Having a new variant around rejiggers the pandemic risk landscape, and that landscape is now looking less favourable to us. Pfizer, for instance, now says that, based on early data, a booster might be necessary to maintain a high level of protection against Omicron. Booster uptake’s been somewhat spotty, though, even among people for whom it’s been recommended since September. In the US about one in four fully vaccinated adults says they will either “probably not” or “definitely not” boost, according to a recent KKF poll though Omicron seems a boost to those who are undecided. And >50% of inoculated adults >65, obviously a group at highest risk of severe COVID-19, and one of the earliest groups to be urged to vaccinate again, have not received an additional injection:
No single concern is keeping millions of eligible Americans on the booster fence, and some of these numbers almost certainly reflect a pre-Omicron mindset. Anecdotally, finding a booster appointment in many parts of the country is now nearly impossible. But a few key questions seem to be percolating on repeat. Here’s a rundown of the thinking that helped some of the now-boosted reckon with the choice—and roll up our sleeves again.
Do I really need a booster? Understanding the benefits of boosting now means acknowledging two truths. Our vaccines are still doing an amazing job at staving off really severe disease. And adding an extra dose will probably keep people even safer. When COVID vaccines first started rolling out last winter, they were an absolute knockout on just about every metric by which they were measured, not only preventing serious disease and death, but also limiting infections and transmission to a very high degree. Now, several months out, more vaccinated people are briefly contracting the coronavirus, and maybe getting a little sick as antibody levels naturally tick down over time. But the vaccines are still stellar enough to keep most people from getting really sick. That’s thanks to a legion of immune memory cells that can pump out more when needed, or blow up virus-infected cells. Those hyper-durable defences take some time to kick in, though, and can’t block all mild cases.
Boosters, then, remind the immune system of an old threat, lifting antibody levels or T cell responses and recruiting new immune cells to the front line. People who receive boosters are less likely to be infected versus those who don’t. The shots are clearly conferring benefits, though the jury’s still out on how long they’ll last. The pluses are especially big for people who are older, and they’re essential for t he immunocompromised (who probably needed a three-dose vaccine to begin with).
For everyone else, boosting has looked more like a perk than a must-have: If defences against the most serious forms of COVID-19 were holding, a touch-up wasn’t urgent. But a vaccine’s effectiveness can be chipped away from two ends: a drop in the body’s defences, and a swell in the virus’s offences. And Omicron has clearly raised the stakes. The variant’s genome is laced with dozens of mutations that weren’t present in its predecessors’. Even if my body retained a perfect memory of my vaccines’ contents, these changes might still bamboozle it.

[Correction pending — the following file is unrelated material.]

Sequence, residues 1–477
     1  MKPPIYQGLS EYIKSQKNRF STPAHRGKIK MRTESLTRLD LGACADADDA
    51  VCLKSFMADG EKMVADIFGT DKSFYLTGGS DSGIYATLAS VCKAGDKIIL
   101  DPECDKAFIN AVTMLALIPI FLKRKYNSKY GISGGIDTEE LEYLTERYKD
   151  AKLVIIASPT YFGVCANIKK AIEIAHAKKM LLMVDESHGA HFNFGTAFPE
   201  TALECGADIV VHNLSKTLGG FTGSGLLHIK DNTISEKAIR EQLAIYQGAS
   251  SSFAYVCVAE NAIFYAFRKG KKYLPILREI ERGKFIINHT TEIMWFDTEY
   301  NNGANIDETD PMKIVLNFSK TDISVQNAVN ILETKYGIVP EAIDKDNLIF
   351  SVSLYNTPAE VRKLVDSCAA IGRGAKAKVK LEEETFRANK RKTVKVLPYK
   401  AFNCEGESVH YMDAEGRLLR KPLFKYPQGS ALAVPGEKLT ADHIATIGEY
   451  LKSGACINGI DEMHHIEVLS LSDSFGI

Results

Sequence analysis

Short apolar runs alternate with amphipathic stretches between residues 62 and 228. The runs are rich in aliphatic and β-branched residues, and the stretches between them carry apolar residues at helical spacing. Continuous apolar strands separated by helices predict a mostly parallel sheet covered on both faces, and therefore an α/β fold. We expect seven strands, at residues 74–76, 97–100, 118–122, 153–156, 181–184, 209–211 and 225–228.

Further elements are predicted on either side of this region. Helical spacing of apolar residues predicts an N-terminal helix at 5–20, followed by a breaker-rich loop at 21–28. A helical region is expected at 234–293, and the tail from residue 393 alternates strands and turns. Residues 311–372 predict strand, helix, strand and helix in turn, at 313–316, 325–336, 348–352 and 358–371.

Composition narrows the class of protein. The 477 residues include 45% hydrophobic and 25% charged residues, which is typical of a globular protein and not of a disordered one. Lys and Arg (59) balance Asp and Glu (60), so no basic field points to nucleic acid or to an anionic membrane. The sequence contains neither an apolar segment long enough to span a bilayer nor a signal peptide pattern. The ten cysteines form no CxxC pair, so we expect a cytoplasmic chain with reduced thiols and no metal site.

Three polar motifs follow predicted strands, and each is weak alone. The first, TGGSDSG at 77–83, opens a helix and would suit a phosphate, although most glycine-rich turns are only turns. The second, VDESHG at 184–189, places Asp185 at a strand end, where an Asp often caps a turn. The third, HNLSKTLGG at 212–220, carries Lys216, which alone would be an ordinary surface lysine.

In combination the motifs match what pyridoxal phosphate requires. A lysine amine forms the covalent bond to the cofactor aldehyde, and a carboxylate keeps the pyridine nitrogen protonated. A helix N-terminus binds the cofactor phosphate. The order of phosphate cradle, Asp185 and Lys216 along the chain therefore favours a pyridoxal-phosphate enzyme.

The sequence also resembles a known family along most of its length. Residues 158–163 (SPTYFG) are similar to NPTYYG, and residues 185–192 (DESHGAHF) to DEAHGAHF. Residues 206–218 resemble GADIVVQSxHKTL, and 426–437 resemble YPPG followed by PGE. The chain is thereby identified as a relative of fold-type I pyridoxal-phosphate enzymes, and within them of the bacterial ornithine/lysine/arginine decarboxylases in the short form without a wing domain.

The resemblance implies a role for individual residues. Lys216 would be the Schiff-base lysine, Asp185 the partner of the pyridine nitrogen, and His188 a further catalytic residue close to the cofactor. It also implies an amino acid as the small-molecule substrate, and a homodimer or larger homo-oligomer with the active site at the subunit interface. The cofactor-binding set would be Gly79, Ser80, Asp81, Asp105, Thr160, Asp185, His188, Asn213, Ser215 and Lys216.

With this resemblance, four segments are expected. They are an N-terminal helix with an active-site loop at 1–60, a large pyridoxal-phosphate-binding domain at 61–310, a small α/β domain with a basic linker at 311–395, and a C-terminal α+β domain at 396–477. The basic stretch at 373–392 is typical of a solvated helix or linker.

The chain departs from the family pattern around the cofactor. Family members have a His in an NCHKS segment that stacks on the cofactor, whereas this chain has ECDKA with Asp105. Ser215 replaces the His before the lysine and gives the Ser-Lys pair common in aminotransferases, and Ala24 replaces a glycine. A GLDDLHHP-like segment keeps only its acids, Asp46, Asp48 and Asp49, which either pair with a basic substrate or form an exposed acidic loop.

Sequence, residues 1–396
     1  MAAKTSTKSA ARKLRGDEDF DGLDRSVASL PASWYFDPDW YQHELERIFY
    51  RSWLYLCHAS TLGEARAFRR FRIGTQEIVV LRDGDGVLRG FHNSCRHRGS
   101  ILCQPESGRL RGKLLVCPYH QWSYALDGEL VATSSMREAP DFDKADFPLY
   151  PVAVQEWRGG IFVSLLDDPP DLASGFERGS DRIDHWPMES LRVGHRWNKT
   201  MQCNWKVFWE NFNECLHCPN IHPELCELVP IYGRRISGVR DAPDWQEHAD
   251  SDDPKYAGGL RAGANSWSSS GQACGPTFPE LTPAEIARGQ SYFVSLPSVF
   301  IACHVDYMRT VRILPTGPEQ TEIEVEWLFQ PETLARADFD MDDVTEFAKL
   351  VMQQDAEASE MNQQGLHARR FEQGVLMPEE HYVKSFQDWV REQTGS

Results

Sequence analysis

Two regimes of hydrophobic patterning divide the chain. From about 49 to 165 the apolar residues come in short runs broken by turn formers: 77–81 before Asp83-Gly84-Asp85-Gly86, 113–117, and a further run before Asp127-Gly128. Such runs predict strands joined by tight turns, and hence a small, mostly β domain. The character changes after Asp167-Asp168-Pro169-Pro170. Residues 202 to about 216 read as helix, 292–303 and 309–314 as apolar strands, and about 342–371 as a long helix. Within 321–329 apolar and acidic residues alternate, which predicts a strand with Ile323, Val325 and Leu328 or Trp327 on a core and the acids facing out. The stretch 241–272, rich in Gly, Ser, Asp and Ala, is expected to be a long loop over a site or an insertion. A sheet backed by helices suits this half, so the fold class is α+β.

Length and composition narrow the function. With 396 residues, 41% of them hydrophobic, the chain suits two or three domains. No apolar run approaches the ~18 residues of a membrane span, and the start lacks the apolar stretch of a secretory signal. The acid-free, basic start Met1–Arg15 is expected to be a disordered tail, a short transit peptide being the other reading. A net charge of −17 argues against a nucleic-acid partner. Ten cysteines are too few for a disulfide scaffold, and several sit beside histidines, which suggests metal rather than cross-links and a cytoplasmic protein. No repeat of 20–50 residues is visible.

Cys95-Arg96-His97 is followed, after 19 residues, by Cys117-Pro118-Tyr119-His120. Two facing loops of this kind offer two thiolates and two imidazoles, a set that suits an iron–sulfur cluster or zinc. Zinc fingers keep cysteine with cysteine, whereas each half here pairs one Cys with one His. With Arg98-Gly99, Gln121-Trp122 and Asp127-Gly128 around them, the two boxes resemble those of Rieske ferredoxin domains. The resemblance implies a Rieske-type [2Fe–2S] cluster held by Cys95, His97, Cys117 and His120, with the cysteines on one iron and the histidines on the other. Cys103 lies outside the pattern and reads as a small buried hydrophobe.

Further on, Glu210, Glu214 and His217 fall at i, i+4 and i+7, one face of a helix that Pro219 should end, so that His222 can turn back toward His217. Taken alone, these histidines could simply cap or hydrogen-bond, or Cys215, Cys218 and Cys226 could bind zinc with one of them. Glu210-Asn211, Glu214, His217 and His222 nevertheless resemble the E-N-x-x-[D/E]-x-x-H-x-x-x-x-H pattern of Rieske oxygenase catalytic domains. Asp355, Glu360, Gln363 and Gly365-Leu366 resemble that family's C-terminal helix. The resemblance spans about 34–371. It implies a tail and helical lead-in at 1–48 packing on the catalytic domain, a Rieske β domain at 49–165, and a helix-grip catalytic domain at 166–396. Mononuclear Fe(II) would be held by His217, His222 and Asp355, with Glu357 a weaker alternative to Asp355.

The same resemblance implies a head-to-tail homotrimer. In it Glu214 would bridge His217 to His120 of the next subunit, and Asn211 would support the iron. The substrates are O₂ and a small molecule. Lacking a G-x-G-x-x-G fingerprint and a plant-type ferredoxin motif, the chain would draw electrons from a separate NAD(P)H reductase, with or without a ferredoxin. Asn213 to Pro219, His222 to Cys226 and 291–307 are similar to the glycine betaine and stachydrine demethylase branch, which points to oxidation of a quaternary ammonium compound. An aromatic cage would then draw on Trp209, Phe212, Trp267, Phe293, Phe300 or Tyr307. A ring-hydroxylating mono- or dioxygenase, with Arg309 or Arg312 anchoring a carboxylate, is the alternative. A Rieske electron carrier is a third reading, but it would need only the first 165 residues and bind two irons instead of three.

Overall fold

Now we have a mismatch between variant and vaccine, thus, there will be a “significant drop” in our antibodies’ ability to protect us from milder outcomes, a trend that appears to be borne out by early data. An extra dose of vaccine—even one that’s an imperfect pantomime of Omicron—would shore up important defences in advance of a surge. A drop in antibody protection would likely still happen because of Omicron’s genetic quirks, but the fall would be cushioned by sheer quantity—a trend that a press release from Pfizer now appears to confirm. While other studies contradict that.
We’re also still dealing with Delta, a variant that vaccines definitely keep in check, especially as we head into the holidays. So this could be a double whammy. While case rates remain high, reinforcing protections against infection and transmission could cocoon the still-vulnerable, and tamp down outbreaks.
Shouldn’t we be holding out for an Omicron booster? If we could, then, yes, the ideal defence against Omicron would involve inoculating everyone (everyone) with a vaccine that’s a perfect match for the variant. To some, boosting with a vaccine modelled on the now-obsolete coronavirus might feel a bit like upgrading to an iPhone SE three months before an iPhone 13 mega-sale.
And yet, every expert I’ve spoken with has delivered an unequivocal verdict: boosting now is still the right choice—to get ahead of Omicron, to prepare ourselves. A bespoke Omicron recipe isn’t yet available, and won’t be for at least 2 months. The goal is to provide interim protection before the wave of Omicron crests. And we may never need an Omicron-specific booster, making a wait unwise. Omicron’s genetic tweaks make it a touch unfamiliar, but not completely unrecognisable. Additional doses of vaccine have been shown to enhance the quantity and quality of antibodies that can thwart all known variants, maybe.